We are sure that ex-Councillor Charles Sykes would not wish that anything should be done which would hurt and annoy the residents and property owners in the neighbourhood, but on the contrary, he would support any measure calculated to prove an amenity to the surrounding population..
We hope that wise counsels will prevail, and that the use made of this fine mansion will be worthy of the donor and of the town.
February 5th, 1935
Harrogate Advertiser - 26th September 1980
"The end of an era of personal attention" was how a spokesman for staff this week described the proposed closure of Carlton Lodge maternity home by the North Yorkshire Area Health Authority.
The authority, which has decided to concentrate its maternity services has outlined the home's closure for 1983. by this time an extension to Harrogate General Hospital providing more and better maternity facilities should be completed.
The spokesman at Carlton Lodge said : "We are very unhappy about the proposed closure. We feel we can offer a kind of service which a larger maternity unit cannot always provide. There is a special, more relaxed atmosphere here which will be lost. To us, the home's closure will mark the end of an era of personal attention".
The area health authority is giving people until the end of this year to raise objections to the Carlton Lodge closure, but points out that objectors must come up with a viable alternative to closure.
At present, maternity beds in the Harrogate district are divided between the General (41 beds), Carlton Lodge (13), and Ripon and District Hospital (10).
The authority points out that this does not make the best use of staff, premises, or cash resources.
No redundancies are envisaged with the propose closure of Carlton Lodge and cash saved by the move would go towards providing additional staff at the General.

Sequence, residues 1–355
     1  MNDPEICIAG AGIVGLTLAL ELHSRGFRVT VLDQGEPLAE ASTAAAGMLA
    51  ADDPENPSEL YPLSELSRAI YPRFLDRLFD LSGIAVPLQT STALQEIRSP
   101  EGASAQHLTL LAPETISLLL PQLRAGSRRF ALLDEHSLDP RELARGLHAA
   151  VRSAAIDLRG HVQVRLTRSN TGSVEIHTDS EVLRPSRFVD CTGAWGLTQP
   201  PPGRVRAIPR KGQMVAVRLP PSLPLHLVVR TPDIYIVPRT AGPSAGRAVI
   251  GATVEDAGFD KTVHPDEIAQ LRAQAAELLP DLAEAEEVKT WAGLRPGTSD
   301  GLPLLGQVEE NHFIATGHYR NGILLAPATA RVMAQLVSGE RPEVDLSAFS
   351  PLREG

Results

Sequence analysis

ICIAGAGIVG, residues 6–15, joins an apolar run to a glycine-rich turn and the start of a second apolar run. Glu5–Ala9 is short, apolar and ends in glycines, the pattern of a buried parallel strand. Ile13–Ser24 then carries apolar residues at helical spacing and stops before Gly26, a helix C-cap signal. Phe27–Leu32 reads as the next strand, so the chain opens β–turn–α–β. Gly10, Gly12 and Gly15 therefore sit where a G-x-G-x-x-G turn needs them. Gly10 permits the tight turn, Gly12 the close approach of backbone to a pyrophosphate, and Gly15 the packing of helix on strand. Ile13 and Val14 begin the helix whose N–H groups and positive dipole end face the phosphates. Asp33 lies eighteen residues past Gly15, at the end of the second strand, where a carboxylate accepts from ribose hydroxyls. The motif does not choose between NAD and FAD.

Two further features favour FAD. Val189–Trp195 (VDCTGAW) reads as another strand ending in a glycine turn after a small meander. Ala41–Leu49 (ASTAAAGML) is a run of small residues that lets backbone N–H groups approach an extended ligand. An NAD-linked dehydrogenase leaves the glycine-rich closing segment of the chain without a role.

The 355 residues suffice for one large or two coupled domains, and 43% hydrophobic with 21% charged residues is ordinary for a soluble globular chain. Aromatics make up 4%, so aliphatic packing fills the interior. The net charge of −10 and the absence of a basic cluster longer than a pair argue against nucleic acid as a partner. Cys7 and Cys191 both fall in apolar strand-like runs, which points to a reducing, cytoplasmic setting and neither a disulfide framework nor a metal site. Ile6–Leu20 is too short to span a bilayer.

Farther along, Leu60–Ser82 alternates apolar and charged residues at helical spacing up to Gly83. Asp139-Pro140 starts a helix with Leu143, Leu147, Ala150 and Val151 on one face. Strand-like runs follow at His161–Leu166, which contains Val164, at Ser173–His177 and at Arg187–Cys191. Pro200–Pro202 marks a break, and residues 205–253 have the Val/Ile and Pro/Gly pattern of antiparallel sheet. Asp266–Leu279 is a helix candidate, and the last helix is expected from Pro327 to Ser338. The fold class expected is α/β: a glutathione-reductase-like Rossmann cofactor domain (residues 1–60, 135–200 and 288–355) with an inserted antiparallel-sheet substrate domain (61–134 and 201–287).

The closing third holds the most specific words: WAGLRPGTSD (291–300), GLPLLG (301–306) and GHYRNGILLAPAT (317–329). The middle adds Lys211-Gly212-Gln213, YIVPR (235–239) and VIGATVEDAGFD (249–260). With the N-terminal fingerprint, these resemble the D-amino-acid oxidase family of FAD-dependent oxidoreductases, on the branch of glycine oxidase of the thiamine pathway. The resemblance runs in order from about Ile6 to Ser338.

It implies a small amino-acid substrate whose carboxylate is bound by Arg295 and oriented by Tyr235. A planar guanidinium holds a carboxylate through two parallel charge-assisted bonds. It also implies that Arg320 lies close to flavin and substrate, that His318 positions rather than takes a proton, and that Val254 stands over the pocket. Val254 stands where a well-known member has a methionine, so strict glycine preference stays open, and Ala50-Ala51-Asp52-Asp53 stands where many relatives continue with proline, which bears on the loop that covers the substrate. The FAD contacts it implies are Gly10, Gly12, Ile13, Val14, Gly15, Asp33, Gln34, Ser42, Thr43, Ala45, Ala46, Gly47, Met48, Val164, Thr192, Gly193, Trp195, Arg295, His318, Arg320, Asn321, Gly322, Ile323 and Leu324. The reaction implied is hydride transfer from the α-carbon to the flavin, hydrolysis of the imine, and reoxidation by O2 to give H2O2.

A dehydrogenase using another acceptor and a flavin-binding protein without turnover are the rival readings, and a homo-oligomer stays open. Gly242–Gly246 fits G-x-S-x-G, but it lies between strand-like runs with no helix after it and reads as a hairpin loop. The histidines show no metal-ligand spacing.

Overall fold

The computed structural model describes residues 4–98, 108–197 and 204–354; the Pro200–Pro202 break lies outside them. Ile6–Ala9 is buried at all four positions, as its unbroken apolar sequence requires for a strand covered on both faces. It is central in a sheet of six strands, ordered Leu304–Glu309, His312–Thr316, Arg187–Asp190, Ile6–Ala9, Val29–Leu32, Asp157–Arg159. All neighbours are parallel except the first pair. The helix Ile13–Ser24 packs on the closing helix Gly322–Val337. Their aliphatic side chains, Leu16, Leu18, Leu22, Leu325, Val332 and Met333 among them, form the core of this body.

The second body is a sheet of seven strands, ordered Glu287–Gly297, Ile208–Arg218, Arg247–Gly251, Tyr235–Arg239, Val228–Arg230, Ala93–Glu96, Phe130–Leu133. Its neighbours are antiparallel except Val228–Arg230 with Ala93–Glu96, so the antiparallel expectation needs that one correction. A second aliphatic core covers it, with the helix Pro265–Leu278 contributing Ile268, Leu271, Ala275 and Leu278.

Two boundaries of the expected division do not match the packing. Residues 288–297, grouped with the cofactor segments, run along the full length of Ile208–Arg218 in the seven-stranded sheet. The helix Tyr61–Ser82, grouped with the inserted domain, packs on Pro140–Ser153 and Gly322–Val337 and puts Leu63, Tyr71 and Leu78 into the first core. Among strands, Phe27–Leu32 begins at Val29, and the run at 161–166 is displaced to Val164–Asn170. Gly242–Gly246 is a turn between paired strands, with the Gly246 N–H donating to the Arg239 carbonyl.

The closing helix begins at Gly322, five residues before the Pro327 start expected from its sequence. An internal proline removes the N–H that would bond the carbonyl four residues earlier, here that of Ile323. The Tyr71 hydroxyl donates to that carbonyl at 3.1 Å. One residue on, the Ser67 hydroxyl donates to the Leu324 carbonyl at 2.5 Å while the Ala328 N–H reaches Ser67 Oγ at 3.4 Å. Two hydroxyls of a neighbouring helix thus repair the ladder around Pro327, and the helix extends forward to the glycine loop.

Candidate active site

Objections to the plans should be sent to the Area Administrator, Mr W L Moore, North Yorkshire Area Health Authority, Ryedale House, 60 Piccadilly, York, YO1 1QJ.
Harrogate Advertiser - 30th September 1983
Closure of Canton Lodge has been accepted by Harrogate's Community Health Council.
The health watchdogs have agreed closure of the maternity home in 1986 as part of a package deal. This Includes the provision of facilities for GPs to deliver babies at the General Hospital and the opening of a new delivery suite and special-baby care unit next January.
At a meeting, at the Royal Baths Hospital on Monday, Community Health Council Secretary Mr. John Lee said: "This is a package deal we are recommended to accept. We have assurance that there will be a viable GP unit and a viable ward seven at the hospital before the closure of Carlton Lodge."
And health Authority Chairman Col Edwin Winn said that a new GP unit would certainly be part of the deal.
"Without a GP unit in the new ward seven we would not close Carlton Lodge", he said "in our 1980 discussions we did not know what would replace Carlton Lodge and that was the reason for the delay. Now we know precisely what we are going to do".
Newly-elected Chairman of the Community Health Council Mrs. Rita McLusky said: "We will be very sorry to see Carlton Lodge close but we realised the importance of the new unit."
Councillor Janet Binns, a new Community Health Council member, said that she would like to see Carlton Lodge turned over to the needs of the elderly after it's closure as a nursing home.